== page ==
If you’re feeling more energetic and optimistic lately, it’s likely a physical response to the expanded daylight hours and warmer weather that has come to be known as spring fever. Embrace it, says Lakeview Regional Medical Center, and expand upon those good feelings. Open the windows, plant a garden, leave work early, exercise or go for a hike outdoors, and get together with your friends without screens in-between. Or use that spring fever to do some #spring #cleaning — and #donate any extra #stuff you don’t need to ClothingDonations.org. #SpringFever
Symptoms of #spring fever include the urge to exercise, eat light, sleep less and smile more, says Bustle. But the concept of spring #cleaning is so deeply embedded in the culture that it may be one of the earliest warning signs. Give in to the urge and scrub your house #clean of the dirt and grime that have accumulated over the winter. Many cleaning products will be on sale, and you can always look to The Organizing Blog for advice on making specific areas of the home such as the garage, bedrooms, kitchen and garden more #organized and clean. #SpringFever
Container #gardening is a great option for those who are short on #garden space or looking to dress up porches and walkways with accent plants. Before you plant, give your pots a good scrub and ensure they can drain properly, says Plant Perfect. For best results, line containers with peat and use new #potting mix rather than regular topsoil. And if you’re short on garden containers, pots and baskets, look no further than the thrift stores supplied by generous donations to ClothingDonations.org — and shop early to find a selection of one-of-a-kind, lightly used castoffs that you can repurpose for your dream garden.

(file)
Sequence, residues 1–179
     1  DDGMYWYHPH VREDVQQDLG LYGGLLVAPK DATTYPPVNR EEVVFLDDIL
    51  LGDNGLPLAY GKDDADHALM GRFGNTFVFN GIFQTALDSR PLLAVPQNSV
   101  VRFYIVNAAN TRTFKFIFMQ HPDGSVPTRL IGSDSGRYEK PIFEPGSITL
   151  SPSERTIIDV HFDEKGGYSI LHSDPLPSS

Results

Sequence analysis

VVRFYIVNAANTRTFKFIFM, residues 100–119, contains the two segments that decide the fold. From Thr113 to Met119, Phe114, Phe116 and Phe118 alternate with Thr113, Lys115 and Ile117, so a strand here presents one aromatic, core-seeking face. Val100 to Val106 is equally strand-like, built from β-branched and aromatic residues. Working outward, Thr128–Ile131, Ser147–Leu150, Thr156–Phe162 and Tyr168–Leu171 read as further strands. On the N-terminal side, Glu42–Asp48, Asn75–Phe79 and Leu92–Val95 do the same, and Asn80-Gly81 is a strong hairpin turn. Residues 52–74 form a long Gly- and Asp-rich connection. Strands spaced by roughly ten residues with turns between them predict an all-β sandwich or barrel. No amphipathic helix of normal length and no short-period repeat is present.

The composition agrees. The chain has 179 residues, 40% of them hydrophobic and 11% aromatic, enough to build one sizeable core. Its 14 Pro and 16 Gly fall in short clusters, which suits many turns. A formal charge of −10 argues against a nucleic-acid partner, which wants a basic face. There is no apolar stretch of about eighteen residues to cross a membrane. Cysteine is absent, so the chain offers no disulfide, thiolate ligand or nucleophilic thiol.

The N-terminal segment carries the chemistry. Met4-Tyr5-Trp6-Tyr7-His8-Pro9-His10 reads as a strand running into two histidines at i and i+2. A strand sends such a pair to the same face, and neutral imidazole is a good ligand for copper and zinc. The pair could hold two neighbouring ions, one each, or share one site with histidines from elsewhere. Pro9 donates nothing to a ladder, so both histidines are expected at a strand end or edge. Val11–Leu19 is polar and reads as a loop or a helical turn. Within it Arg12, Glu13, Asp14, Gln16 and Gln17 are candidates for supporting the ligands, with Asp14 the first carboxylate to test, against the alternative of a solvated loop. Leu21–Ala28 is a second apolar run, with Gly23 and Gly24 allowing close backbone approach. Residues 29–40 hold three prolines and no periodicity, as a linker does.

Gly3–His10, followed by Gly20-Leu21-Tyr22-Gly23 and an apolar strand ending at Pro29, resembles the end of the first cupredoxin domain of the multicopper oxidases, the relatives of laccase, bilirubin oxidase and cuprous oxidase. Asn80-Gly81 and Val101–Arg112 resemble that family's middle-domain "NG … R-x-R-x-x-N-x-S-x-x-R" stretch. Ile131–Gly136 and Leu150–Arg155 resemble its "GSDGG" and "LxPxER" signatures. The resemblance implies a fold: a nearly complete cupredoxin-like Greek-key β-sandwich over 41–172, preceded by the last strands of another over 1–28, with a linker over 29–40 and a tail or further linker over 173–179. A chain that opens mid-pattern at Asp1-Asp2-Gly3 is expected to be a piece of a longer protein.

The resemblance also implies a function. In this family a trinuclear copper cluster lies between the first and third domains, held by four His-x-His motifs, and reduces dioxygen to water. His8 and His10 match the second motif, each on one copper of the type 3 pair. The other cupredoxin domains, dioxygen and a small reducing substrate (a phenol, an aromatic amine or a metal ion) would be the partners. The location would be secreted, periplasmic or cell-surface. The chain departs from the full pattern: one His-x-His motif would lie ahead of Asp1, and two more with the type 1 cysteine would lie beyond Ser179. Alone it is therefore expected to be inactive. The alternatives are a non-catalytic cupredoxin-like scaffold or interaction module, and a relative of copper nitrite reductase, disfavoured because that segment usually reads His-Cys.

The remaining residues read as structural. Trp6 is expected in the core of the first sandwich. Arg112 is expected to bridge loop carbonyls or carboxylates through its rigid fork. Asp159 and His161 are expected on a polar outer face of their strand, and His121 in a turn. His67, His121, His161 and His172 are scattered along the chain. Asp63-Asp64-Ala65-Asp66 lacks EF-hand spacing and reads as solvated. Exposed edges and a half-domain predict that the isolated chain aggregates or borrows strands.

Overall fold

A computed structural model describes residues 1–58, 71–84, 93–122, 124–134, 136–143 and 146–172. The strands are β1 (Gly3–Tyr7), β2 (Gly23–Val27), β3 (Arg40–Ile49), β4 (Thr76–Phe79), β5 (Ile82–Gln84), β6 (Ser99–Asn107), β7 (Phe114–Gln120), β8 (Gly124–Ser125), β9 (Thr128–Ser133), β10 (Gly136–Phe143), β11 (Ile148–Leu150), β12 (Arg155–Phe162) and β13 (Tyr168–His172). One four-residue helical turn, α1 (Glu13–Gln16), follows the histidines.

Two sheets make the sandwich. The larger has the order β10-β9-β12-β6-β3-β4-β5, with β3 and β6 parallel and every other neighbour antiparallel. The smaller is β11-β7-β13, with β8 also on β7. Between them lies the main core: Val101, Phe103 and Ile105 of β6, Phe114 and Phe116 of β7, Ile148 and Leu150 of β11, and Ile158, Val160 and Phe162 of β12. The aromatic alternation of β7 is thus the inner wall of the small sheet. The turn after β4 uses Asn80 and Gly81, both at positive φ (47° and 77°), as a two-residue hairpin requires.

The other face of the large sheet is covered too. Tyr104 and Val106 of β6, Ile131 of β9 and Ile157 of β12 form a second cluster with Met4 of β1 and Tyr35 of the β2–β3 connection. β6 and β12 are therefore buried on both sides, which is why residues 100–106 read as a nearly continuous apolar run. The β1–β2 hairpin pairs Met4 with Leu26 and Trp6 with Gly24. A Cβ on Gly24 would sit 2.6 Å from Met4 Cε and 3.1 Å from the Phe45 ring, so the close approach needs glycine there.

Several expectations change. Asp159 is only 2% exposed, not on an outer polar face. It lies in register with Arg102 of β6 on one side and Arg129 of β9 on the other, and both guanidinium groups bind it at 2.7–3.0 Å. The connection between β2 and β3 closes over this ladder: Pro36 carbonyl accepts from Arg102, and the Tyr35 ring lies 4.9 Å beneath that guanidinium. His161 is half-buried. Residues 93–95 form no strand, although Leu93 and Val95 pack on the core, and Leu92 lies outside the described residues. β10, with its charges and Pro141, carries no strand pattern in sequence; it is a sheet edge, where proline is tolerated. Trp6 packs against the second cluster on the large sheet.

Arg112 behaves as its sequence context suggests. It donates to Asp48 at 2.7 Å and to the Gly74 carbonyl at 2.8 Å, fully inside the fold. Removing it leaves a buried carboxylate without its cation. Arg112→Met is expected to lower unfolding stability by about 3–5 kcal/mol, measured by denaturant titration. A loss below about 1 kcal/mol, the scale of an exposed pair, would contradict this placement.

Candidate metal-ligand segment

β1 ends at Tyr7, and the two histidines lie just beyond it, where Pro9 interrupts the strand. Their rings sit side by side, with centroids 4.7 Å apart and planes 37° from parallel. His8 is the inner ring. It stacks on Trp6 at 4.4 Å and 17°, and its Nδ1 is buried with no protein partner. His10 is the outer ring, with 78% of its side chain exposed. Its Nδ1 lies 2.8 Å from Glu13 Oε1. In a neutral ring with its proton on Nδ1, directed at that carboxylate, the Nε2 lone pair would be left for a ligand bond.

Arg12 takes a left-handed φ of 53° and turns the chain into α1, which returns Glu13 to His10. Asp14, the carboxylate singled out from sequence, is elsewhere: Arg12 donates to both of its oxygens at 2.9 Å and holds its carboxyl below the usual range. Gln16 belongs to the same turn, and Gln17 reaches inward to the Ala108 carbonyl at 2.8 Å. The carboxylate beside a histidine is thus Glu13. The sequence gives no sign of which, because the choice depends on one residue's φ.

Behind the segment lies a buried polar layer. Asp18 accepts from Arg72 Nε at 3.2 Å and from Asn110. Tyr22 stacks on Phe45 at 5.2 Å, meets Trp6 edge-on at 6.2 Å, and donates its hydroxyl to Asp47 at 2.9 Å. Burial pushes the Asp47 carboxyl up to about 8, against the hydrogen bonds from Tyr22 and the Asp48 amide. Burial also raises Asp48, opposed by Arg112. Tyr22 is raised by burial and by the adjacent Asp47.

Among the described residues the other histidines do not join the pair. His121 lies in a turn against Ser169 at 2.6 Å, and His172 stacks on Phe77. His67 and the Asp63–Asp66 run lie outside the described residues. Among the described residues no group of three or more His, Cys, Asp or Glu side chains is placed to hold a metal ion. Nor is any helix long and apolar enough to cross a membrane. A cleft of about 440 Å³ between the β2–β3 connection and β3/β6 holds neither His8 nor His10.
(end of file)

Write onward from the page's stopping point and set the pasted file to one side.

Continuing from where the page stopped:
One of the best — and cheapest — ways to add more plants that have proven successful in your garden is to divide perennials, Joe Gardener says. Plants such as hostas and day lilies can be split soon after they emerge from the ground by cutting through their center of their root bulbs with a sharp shovel or spade. After digging up a portion, you can plant it in another area of your yard to improve upon your landscaping for free. Likewise, spring is also a good time to thin out any overgrown perennials — and if you no longer have room for the transplants, you can give them away to friends and neighbors.
Ensuring that your garden soil has a balanced pH and is fed the proper nutrients can help your summer vegetable garden produce better and make flowering plants flourish. “Experts recommend testing garden soil every three to five years,” Proven Winners says, to see what soil elements are lacking or overly abundant. Then, you can apply products that help get your soil into the proper balance. Generally speaking, you can’t go wrong with a layer of compost or manure, plus a plant food that’s designed for your selection of plants and amends any deficiencies in your soil’s makeup.